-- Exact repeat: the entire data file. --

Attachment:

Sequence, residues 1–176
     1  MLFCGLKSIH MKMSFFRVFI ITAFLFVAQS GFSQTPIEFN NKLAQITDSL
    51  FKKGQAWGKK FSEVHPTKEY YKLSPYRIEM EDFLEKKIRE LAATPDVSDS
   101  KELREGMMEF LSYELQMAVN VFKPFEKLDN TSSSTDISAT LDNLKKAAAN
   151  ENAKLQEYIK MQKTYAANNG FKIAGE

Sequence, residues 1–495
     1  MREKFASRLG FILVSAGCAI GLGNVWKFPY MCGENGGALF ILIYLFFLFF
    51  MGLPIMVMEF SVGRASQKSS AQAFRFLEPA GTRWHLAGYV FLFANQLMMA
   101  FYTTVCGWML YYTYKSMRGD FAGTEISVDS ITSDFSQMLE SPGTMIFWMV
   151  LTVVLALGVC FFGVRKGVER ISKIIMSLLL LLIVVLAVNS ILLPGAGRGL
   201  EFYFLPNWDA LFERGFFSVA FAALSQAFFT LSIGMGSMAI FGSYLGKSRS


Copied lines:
Sequence, residues 1–176
     1  MLFCGLKSIH MKMSFFRVFI ITAFLFVAQS GFSQTPIEFN NKLAQITDSL
    51  FKKGQAWGKK FSEVHPTKEY YKLSPYRIEM EDFLEKKIRE LAATPDVSDS
   101  KELREGMMEF LSYELQMAVN VFKPFEKLDN TSSSTDISAT LDNLKKAAAN
   151  ENAKLQEYIK MQKTYAANNG FKIAGE

Sequence, residues 1–495
     1  MREKFASRLG FILVSAGCAI GLGNVWKFPY MCGENGGALF ILIYLFFLFF
    51  MGLPIMVMEF SVGRASQKSS AQAFRFLEPA GTRWHLAGYV FLFANQLMMA
   101  FYTTVCGWML YYTYKSMRGD FAGTEISVDS ITSDFSQMLE SPGTMIFWMV
   151  LTVVLALGVC FFGVRKGVER ISKIIMSLLL LLIVVLAVNS ILLPGAGRGL
   201  EFYFLPNWDA LFERGFFSVA FAALSQAFFT LSIGMGSMAI FGSYLGKSRS